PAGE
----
fish. Shaun usually gets out there on
his kayak so he offered to have me come along and borrow one of his other
kayaks for the morning. Now I was
completely out of my element....especially from the confines of a single person
kayak. Only could bring one pole with me
and a small bag of plastics and other miscellaneous lures. Luckily I was there last week so I knew
roughly what to expect and packed just enough stuff for short morning trip.
I met Shaun at 5 AM which was surprisingly rough for me to get up and out there that early. I was still sleeping in the car when Shaun started knocking on my window to wake me up and let me know the kayaks were already down by the lake. I have never fished from a kayak so I thought it was going to be a rough day, but after about 10 minutes of paddling around it actually wasn't too bad. I threw on a buzzbait (my favorite 1/2 oz booyah) and immediately started catching fish. It took a couple misses to finally get the hookset down but it worked out alright. We worked a weedline that I have caught many fish on and after awhile Shaun and I just stopped counting. Buzzbaits, craws, senkos, zoom flukes, crankbaits, we caught fish on everything. I was mad though after digging through my small bag of tricks that I only had one Smokin' Shad Zoom fluke with me because bass were blowing up on shad for a good part of the morning. I rigged up the only one I had and caught 3 bass within a few casts of each other just by throwing into the blowups and twitching it a few times. After I brought back the mangled piece of plastic that once resembled a fluke I tied on my other stand by which was a watermelonseed fluke. Same lure, just a different color and I couldn't buy a bite on it. Match the hatch won that battle pretty easily, so I switched it back to a craw and continued catching.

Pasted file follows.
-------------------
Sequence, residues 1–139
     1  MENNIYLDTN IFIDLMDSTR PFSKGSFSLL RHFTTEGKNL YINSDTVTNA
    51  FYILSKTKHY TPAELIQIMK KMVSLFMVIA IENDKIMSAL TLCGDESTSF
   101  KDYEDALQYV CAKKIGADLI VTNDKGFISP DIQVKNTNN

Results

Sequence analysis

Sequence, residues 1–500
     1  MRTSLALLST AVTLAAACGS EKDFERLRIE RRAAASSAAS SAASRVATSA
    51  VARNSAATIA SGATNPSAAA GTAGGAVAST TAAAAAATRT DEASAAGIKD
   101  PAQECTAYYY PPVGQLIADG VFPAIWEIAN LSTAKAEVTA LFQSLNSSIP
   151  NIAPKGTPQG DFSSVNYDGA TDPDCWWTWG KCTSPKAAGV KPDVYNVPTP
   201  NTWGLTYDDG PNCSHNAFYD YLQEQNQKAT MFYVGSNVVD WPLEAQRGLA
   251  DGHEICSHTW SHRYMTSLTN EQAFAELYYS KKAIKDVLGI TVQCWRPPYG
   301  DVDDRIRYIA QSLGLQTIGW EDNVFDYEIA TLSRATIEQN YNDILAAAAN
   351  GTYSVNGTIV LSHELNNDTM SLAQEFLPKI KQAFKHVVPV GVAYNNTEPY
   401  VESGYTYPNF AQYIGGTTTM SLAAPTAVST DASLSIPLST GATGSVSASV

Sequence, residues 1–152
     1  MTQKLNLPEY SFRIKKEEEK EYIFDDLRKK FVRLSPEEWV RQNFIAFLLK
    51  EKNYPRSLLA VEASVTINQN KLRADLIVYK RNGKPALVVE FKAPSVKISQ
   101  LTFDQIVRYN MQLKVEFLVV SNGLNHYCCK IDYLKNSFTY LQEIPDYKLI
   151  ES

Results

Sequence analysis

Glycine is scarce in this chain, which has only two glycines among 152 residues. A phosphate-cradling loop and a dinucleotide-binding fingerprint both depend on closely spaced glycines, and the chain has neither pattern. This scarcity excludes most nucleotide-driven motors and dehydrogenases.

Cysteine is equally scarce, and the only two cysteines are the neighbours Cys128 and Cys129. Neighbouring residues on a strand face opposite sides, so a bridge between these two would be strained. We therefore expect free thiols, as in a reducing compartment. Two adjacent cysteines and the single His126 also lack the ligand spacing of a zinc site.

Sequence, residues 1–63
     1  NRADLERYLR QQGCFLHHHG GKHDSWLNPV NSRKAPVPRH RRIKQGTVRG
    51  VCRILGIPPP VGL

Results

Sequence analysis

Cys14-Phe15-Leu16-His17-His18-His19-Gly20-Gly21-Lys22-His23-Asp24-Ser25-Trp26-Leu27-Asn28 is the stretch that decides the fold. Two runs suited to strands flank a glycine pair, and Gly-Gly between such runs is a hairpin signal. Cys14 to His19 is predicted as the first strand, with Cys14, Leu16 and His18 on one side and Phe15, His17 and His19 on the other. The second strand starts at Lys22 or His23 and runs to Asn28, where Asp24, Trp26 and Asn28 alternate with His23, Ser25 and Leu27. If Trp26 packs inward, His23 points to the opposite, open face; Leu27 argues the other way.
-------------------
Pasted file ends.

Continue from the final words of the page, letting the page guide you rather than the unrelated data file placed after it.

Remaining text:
We worked our way down to a hidden dropoff that Shaun found after his many trips to that lake and it wasn't long until he tied into his first pig of the day. I saw his pole bend over as soon as the fish made it's first good run. I watched Shaun battle him for a little bit and then I saw the rod tip pop back to its original position....line broke. Man does it suck when that happens! It wasn't long after though that Shaun hooked into another good fish with a crankbait around the same area. He landed this one but not without getting a treble hook to the finger. He weighed the fish and it tipped the scales at 4.5 lbs, not a bad fish at all for the area!
We fished until about 9:30 AM as we made our way around the perimeter of the lake. After all was said and done if I had to guess we had roughly 40-45 bass landed with another 10 or so lost. The biggest five weighed around 13.5 lbs. Probably one of the better days I have had this year....and all out of a kayak with one pole! Just goes to show you that sometimes you really don't need that 50 lb dufflebag of everything fishing to just catch a few fish. But where would the fun of it be if I couldn't buy some new tackle every once in a while....lol.
Just another testament to the memories you could have just being a member of Dupage Angler. That's the whole point of it, getting out and having fun and making a few friends along the way.
Thanks for reading guys and good fishing!
Monday, August 6, 2012
Time to play some catching up now that it has been a couple weeks since my last tournament. This recent one was the final regular season
ABA tourney on July 29th at Clinton
Lake near ...same
lake where I placed 2nd on a few months ago. Decatur, IL
It was cloudy and a little cooler in the morning with the air temperatures warming up to the mid 80's during the day. The cloud cover lasted most of the day and the water temperature remained in the low 80's as well. Since
is a cooling lake, the water temperature definitely played a big factor along
with the drought we were having...so the water level was down about 3 feet from
about a month ago.